If Connolly’s basket early in the second half was big, there was Rosen pulling up for an NBA distance three that sailed long and Saunders fouled on the rebound. Davis off the left wing showed no remorse, knocked down a triple in the fellow senior’s grill for a 41-31 score.

Rosen responded by stopping at the top of the arc for three. Davis went back at Rosen, his shot no good. Hummer was able to slap the loose ball out of the air with one hand to Saunders and on the reset Bray fed Saunders diagonally for a hesitation put in.

Steve Rennard inside was blocked by Hummer, yet the ball somehow rolled out to Rosen who fired a second time for three and converted.

Hummer deflated momentum with a deft touch over Belcore. Tigers by eight.

Active hands did not allow Penn to get feeds to their slashing guards. Connolly slapped a ball loose and out of bounds. Also key was how Rosen was not getting free to receive a return pass once he gave up possession. A faceguarding Bray wouldn’t let him catch and Rosen sailed to his left missing a difficult three as the shot clock dwindled.

A posting Hummer went out to Darrow for a three that could have sent the Quakers reeling but the shot came up short of the rim and harmlessly landed on the baseline.

Darrow was next to slap a feed away and out of play.

Davis came up big on defense, snatching a Rosen pass from the far wing out of the air. An advancing Bray could not finish to his left as Hummer grabbed the offensive board and was fouled hard by Dougherty trying to tie up. Hummer was good on his first free throw, off on the second. The score was 46-37 with 5:36 winding down.

On a drive and dish from Belcore to Doughety, Davis slapped down on the latter loudly as the feed was being converted. Dougherty was well short on his free throw.

Saunders to Darrow set the junior up for another potentially big three but the attempt rimmed off. Saunders blocked Cartwright’s scoop out of bounds and on the pass in Rosen’s free throw jumper sailed long.

Tired of the arc, Darrow went to his left from the circle and pushed in a lefty floater.

Belcore missed for three from the left side and Princeton had the ball with under three minutes to go up nine. Belcore surprised by stripping Hummer clean on the far wing face to face and going ahead with a shot that was goaltended by an angry Hummer.

Out of the night’s final media time out with the score 48-41, a still-steamed Hummer went left at Belcore and left him dizzy with an up/under move.

Rosen kept shooting but he also kept missing. Floating again, this time to the left baseline, he was long. While Hummer’s jumper did not respond, Rosen from a good 25’ out could not find the rim and Bray had the rebound. Pushed down by Dougherty, Bray made the front end and missed the back end of his one and one.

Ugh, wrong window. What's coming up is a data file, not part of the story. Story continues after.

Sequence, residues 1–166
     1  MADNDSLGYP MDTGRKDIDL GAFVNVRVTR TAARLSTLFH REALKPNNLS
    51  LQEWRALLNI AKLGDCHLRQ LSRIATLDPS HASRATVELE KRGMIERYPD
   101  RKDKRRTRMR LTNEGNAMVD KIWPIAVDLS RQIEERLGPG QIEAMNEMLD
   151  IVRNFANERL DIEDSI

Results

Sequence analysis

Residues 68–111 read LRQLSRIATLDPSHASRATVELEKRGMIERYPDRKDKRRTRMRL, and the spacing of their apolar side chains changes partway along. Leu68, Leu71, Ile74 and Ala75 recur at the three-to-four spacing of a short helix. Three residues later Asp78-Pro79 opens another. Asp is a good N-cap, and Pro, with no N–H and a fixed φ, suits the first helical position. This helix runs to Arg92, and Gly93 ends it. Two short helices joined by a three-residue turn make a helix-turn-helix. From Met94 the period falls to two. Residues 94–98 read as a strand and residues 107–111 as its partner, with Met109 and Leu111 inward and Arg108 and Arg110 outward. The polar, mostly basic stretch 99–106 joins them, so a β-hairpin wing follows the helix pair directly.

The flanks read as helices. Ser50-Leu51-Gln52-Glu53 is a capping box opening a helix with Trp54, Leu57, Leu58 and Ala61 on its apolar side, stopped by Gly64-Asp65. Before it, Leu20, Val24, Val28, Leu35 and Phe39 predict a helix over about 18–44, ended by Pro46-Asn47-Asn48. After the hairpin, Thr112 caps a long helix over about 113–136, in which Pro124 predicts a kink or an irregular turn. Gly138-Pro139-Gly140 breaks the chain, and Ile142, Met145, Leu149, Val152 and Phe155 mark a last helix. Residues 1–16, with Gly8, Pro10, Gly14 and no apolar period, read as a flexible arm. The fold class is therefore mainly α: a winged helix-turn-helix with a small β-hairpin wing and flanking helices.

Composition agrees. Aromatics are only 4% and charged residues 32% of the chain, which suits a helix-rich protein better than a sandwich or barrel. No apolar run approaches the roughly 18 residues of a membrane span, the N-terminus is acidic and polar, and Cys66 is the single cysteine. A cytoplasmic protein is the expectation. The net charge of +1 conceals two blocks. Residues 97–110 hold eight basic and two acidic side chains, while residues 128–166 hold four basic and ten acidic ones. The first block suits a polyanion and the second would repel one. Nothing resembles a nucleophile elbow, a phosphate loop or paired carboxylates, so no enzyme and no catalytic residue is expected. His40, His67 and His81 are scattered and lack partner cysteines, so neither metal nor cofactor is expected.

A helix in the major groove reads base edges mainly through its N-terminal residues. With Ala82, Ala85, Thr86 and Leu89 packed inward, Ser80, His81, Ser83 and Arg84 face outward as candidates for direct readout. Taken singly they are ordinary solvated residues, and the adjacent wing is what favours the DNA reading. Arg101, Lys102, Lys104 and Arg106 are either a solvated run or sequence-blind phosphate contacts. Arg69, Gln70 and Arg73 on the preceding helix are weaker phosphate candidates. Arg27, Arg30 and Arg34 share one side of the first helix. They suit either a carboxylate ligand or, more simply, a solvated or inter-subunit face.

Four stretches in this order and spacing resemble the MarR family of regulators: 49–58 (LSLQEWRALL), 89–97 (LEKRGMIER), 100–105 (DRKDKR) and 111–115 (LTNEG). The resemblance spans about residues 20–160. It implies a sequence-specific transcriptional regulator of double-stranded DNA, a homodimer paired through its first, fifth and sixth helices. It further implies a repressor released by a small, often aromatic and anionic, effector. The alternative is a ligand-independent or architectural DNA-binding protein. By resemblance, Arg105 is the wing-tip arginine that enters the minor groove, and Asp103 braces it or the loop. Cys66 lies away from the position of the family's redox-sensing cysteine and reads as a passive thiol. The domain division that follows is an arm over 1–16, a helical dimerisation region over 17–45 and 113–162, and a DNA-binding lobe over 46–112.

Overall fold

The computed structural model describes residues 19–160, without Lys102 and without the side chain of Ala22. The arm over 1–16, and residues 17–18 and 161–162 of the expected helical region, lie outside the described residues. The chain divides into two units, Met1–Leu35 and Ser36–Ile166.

Cartwright was short curling to his left and as the game reached the final 81 seconds, the fouls began. Davis went to the line and knocked down both sides of his one and one for a 53-41 score.

While Rosen responded with a basket, Davis had two more free throws as the crowd started to chant “Doug-las! Da-vis!.” Rosen picked up his lone assist after 39:07 of court time, with Rennard connecting on the left wing.

Darrow was tied up by Belcore as he was doubled following an inbounds and the ball went back to Penn. Down nine, Rosen double dribbled into the lane, jumping forward holding the ball with both his hands.

Hummer, Davis and Darrow each converted a pair from the line and to cap the frustration of an accomplished Ivy career that was concluding without a trip to the NCAA Tournament, Rosen’s last pass was deflected by Bray into a seventh TO as time ran out.

Princeton’s 19th win of the season meant there would be no playoff game this weekend. Instead Harvard would win the conference crown outright.

“It was an interesting game coming in,” assessed Saunders honestly. “I don’t think we have much love for either team. It is definitely nice to get a win but I won’t lie, it is kind of tough to swallow knowing that our win puts Harvard in the tournament. They’re a good team but I think they might say the same about us.”

Henderson was moved by what had transpired from October until now. “[The seniors] made a new coach in what I’m sure for them was not an easy transition feel very welcome,” he said. I’m proud to be a part of the team.”

For those who could not reconcile their feelings entering this game, the final word on what was at stake belonged to Davis.

“I didn’t feel right letting Penn share the Ivy League title and win it on our home court,” the senior said.

Certainly, that was something to play for.


-Princeton shot 21-36 as a team (58.3%), 4-13 outside the arc (30.8%) and 16-20 on free throws (80.0%).

-The Quakers were 22-57 overall (38.8%) on 21 more attempts, 6-18 from three (33.3%) and 2-3 on free throws (66.7%).

-The Tigers won the rebounding battle 31-23.

-Davis has 1,499 points for his career. Any type of score in a postseason game will make him the third player in school history to reach 1.5K for a career. The other two were no slouches: Bill Bradley and Kit Mueller.

-Hummer moved up to 13th on the Princeton scoring list, passing Chris Thomforde, Rick Hielscher and Frank Sowinski this time out. Steve Goodrich awaits but he’s 69 points off.

-Bray’s 110 assists are eighth-most by a Tiger in a season. With 427 assists, the team has exactly as many dimes as they did in 2010-11.

-Princeton’s seniors went 24-4 in Ivy play at home over their four seasons.

Daniel Mark said,

March 7, 2012 @ 12:09 am

Dear Jerome,
We weren't playing for nothing. We come to win--every day. Maybe your team lost because they thought that we were playing for nothing. And maybe your team thought that because that's how they are in those circumstances. But it's not how we are. Not today, not ever. See you next season.